My cold has passed, but it did so with such meekness and lingering effects that I can barely tell it’s gone sometimes. I still cough because my throat swells, and I’m still sniffly, but that could be allergies now.
There are some different things I’ve been thinking about, but none of them clearly enough to really get into in the detail they probably deserve.
I read a gender-bending story that could have been good if it hadn’t gotten ruined by a crappy character and contrived drama. Thinking of that made me wonder if a society that has a lot of work to do in terms of equality between the sexes (let alone ethnicities) has anything useful or noteworthy to say on the subject of gender roles, especially once removed from its own society.
For example, compare a person with a degree in mathematics and a kid still in school. What the kid has to teach on the subject of algebra rather pales in comparison to that other person’s knowledge.
Likewise, someone who grew up sheltered from even street crime in a country that has not seen war in a century probably won’t have a very enlightening or even coherent concept of war.
But that made me wonder how value even works for such things. Can one say that someone’s opinion has no value? Maybe it’s an unpopular view, but I think the answer is yes. There are some opinions that, for one reason or another, have no value. An opinion can be wrong.
Maybe not in a factual way (although, why not), but definitely in a moral one.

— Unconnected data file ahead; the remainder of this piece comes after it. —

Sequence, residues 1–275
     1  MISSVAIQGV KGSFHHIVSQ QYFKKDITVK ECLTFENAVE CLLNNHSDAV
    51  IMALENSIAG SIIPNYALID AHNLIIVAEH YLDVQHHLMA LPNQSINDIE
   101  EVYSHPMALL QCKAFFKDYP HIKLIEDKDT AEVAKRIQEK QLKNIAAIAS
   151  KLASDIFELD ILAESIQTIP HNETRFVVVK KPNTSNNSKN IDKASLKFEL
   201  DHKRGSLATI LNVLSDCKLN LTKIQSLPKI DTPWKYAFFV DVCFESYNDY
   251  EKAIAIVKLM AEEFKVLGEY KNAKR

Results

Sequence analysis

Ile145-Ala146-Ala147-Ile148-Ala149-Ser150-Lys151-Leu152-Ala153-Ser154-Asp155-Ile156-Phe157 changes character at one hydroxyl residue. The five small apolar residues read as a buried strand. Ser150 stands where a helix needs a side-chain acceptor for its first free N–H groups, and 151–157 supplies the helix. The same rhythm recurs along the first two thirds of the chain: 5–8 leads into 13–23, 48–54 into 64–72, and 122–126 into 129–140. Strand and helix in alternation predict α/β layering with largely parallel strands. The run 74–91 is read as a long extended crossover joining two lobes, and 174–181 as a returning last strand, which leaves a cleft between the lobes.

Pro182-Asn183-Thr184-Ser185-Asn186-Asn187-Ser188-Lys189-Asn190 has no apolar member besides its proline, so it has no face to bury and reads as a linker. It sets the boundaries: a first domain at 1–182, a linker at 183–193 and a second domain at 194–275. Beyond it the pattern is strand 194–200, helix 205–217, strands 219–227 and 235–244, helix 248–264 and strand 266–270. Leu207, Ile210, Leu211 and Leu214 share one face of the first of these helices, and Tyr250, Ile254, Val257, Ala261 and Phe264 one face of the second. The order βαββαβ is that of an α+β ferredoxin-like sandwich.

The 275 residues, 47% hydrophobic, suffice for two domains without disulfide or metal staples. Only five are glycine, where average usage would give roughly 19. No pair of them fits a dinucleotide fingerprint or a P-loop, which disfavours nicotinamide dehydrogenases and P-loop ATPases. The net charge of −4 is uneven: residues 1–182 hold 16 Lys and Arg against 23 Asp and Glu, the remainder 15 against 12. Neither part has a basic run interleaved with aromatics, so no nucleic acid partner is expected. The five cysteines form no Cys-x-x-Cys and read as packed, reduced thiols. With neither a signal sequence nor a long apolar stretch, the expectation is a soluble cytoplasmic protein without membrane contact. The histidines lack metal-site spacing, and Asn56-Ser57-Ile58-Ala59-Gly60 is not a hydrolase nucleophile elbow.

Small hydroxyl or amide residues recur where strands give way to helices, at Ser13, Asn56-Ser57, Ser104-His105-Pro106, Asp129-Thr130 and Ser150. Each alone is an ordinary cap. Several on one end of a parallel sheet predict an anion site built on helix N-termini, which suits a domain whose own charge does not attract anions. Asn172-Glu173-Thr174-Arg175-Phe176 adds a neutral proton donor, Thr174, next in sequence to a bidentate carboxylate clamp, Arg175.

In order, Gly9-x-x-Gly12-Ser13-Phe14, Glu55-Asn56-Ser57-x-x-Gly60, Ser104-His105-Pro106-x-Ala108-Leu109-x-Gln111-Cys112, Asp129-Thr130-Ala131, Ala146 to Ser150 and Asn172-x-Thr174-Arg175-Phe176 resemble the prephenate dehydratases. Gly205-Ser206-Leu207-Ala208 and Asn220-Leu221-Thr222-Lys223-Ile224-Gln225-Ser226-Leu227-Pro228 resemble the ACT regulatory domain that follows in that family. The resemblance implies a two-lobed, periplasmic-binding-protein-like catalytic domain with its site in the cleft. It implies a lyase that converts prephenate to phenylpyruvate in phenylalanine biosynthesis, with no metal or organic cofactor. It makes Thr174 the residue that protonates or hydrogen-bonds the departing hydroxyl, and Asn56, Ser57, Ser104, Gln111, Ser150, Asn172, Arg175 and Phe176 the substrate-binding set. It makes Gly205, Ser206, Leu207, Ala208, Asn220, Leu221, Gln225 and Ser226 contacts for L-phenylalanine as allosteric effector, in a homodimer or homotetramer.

It does come back to the first thought though. Even in a story where people are better off in another body, or gender roles are challenged, there’s too strong a belief that the challengers are wrong. That the default is somehow still right. I don’t know if it’s a lack of courage or a fear of the status quo. Or an inability to believe that things are not exactly the way they are supposed to be.
Also, I have seen too many gender-bending stories that fail to take into account the simple fact that people are aware of their own bodies. Speaking as a pregnant woman, I can say that with exasperated emphasis. Even before that, I could feel it when I’d gained or lost a trivial amount of weight. For heaven’s sake, if someone cut my hair while I slept, I’d notice it in the morning–before looking in a mirror.
So why do none of these characters notice their newly acquired mammaries until they look at or touch them? Breasts change balance, if nothing else. Heck, just going up a size is noticeable. (once again speaking from experience)